The Adidas Powerlift 5 is a solid entry-level lifting shoe. It’s ideal for beginners, budget shoppers, and anyone looking for a lower heel. With a midfoot strap and an EVA midsole, it provides good support without being overly rigid. It has a fairly narrow toe box and runs about a half-size small.
Who It’s Right For
Things to Consider
The Adidas Powerlift 5’s are considered some of the best beginner weightlifting shoes on the market. Now in their 5th iteration, these shoes have been around for over a decade, making them the longest-running lifting shoe in the Adidas lineup.
One might think that a shoe named “Powerlifts” is built exclusively for powerlifting.
Well, not quite.
It’s true that this shoe is geared more toward powerlifting because of its lower heel and overall performance. However, it remains one of the most versatile lifting shoes for the same reason.
I frequently use these in my everyday training, including powerlifting, bodybuilding, and general strength workouts.
Compared to previous models, the Powerlift 5’s include a new canvas upper with improved breathability and workability.
Otherwise, they remain largely the same, including a narrower toe box that some won’t love.
In this review, we’ll take a close look at the Adidas Powerlift 5’s. I’ll share the pros and cons and compare them to the Reebok Lifter PR 3’s and the higher-end Adidas Adipower 3’s.
Let’s dig in.
Adidas Powerlift 5 Weightlifting Shoes
The Powerlift 5’s may not match the performance of more expensive lifters, but they still pack a punch for a budget option.
I’m impressed with the overall performance of these shoes but find them better for powerlifting and general fitness than Olympic lifting.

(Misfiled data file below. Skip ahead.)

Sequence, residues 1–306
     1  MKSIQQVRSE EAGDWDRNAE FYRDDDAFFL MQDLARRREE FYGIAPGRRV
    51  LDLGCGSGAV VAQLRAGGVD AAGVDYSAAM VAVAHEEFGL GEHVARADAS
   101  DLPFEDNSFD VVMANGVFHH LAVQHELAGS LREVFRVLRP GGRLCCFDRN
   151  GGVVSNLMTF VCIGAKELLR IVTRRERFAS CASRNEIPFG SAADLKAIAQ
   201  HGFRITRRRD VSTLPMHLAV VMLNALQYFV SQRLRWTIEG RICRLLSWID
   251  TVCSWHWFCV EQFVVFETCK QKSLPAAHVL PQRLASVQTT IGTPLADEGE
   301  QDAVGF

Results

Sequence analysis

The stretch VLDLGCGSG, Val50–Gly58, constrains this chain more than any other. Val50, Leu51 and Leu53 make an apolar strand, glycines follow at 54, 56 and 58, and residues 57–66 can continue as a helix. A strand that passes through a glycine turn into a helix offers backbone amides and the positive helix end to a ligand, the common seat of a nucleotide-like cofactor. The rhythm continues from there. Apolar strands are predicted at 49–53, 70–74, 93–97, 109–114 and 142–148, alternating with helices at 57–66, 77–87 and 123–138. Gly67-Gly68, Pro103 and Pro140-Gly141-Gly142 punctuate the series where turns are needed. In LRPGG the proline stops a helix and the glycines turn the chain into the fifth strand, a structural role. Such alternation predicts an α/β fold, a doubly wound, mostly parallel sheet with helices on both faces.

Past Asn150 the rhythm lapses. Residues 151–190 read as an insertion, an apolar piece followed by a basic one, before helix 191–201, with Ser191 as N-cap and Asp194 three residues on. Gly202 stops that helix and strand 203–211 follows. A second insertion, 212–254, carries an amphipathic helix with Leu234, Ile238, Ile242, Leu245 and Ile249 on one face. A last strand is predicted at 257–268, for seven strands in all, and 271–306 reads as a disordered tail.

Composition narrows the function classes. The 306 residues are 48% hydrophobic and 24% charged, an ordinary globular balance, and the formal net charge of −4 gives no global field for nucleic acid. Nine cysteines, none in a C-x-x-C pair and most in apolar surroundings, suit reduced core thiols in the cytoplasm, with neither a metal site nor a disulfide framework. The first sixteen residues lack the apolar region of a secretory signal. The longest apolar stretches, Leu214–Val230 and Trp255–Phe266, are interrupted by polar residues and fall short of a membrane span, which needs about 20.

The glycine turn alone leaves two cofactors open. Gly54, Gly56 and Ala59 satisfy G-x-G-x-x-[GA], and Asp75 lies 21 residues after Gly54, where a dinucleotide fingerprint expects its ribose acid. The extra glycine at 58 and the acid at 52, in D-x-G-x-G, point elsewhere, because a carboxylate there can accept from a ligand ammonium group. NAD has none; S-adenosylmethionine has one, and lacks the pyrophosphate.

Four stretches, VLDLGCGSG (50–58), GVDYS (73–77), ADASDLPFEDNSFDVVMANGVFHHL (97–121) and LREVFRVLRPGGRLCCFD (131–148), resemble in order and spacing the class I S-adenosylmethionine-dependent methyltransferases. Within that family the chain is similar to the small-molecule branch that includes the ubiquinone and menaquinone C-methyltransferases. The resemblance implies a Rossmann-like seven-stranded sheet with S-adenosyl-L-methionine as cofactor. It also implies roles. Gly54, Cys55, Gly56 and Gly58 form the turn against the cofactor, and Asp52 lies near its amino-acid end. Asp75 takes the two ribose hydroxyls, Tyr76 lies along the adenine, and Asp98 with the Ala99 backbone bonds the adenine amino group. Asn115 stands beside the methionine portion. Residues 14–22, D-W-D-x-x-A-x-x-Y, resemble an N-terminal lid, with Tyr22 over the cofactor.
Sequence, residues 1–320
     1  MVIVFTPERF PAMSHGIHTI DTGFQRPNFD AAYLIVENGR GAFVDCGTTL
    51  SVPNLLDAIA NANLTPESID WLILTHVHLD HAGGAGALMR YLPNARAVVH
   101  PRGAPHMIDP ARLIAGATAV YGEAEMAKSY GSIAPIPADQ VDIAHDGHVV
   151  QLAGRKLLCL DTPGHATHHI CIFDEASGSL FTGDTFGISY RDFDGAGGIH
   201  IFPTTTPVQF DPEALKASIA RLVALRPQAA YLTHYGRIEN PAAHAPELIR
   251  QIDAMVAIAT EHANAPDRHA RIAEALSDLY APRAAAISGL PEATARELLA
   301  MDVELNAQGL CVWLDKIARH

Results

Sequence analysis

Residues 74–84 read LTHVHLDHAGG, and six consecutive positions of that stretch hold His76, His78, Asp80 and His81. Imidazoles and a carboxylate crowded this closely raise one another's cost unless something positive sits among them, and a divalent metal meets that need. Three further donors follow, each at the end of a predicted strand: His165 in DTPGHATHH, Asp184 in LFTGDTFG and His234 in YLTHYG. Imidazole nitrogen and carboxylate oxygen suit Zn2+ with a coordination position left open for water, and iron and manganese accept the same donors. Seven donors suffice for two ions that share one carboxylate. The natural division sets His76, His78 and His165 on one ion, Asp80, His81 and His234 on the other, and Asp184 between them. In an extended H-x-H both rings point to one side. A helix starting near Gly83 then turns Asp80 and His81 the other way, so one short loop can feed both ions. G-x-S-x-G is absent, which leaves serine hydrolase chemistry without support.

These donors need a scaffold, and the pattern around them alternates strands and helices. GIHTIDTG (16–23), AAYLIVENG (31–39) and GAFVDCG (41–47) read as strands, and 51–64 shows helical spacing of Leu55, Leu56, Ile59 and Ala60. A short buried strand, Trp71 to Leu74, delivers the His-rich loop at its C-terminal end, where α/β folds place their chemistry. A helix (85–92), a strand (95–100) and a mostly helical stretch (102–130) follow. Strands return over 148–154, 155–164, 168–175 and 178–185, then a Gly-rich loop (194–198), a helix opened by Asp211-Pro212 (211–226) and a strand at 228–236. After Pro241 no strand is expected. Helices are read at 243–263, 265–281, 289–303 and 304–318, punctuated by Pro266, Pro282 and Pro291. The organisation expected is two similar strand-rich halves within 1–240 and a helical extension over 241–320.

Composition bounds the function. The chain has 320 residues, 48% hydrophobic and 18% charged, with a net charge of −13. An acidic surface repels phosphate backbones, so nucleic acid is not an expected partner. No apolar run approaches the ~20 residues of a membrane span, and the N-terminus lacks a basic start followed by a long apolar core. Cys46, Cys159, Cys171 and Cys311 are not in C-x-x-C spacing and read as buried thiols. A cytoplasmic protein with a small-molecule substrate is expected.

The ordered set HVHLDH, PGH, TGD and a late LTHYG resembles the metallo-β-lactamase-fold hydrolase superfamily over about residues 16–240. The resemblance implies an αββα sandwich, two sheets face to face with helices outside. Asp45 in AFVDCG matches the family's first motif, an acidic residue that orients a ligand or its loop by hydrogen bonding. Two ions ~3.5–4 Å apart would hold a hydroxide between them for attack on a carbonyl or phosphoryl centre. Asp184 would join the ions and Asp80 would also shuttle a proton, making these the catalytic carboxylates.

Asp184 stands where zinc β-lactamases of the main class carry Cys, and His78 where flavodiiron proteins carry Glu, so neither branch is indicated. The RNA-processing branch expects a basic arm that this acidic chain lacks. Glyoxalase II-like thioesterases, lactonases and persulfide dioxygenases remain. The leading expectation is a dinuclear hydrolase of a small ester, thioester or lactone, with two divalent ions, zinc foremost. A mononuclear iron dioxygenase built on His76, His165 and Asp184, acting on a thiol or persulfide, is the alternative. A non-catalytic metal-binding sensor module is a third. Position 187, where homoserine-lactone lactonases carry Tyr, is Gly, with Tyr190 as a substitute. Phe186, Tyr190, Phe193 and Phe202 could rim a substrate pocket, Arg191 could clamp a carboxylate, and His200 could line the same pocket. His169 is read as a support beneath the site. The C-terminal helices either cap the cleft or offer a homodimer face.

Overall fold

These shoes are ultra-lightweight, decently breathable, and more versatile than taller-heeled shoes.
However, peak performance lags behind premium lifters because of the EVA midsole and 16mm height.
Let’s have a look at the specs and jump into the review.
- Heel Height: 16mm (0.63″)
- Weight: 14 oz (size 10)
- Straps: Single
- Heel Type: EVA
- Removable Insole: Yes
- Outsole: Full Rubber
- Toebox Width: Narrow/Neutral
- Sizing: Runs 1/2 Size Small
- Colorways: 5
Although the Powerlift 5 construction isn’t as robust as some pricier shoes, the overall build quality is good. The material selection is consistent with other shoes in this class, and I’m pleased with the consistency from heel to toe. I also appreciate Adidas’s commitment to sustainability across their weightlifting shoe lineup.
That said, there are some design elements that I’m not a fan of, which I’ll detail below.
These shoes are built with a fairly thick canvas upper that moves well and conforms to the foot nicely. On its own, I don’t think it’s as breathable as some, but the mesh inserts, perforated tongue, and large eyelets help tremendously. Thsi is the biggest improvement over the prior Powerlift generations.
There’s quite a lot of cushion wrapping the back half of this shoe, making it one of the most comfortable I’ve tried in this class. The tongue is also comfortable, but because it’s so pliable, it can more easily roll and get into awkward positions. I noticed this more with dynamic movements than with fixed-foot exercises like squats.
Like the Adipower 3’s, the Powerlift 5 uppers are made with at least 50% recycled materials.
Midsole and Heel
The midsole is where you’ll find the biggest differences relative to higher-end shoes.
First, this shoe uses Ethylene Vinyl Acetate (EVA) in the midsole, which is very common in the budget class. EVA is durable and supportive, but it’s not as firm as the TPU material in more expensive shoes. In other words, you can expect more compression in these shoes when lifting heavy.
That said, the Powerlift 5 offers a fairly rigid midsole experience, especially in the forefoot. Compared to TPU shoes, I found the break-in period was longer with the Powerlifts.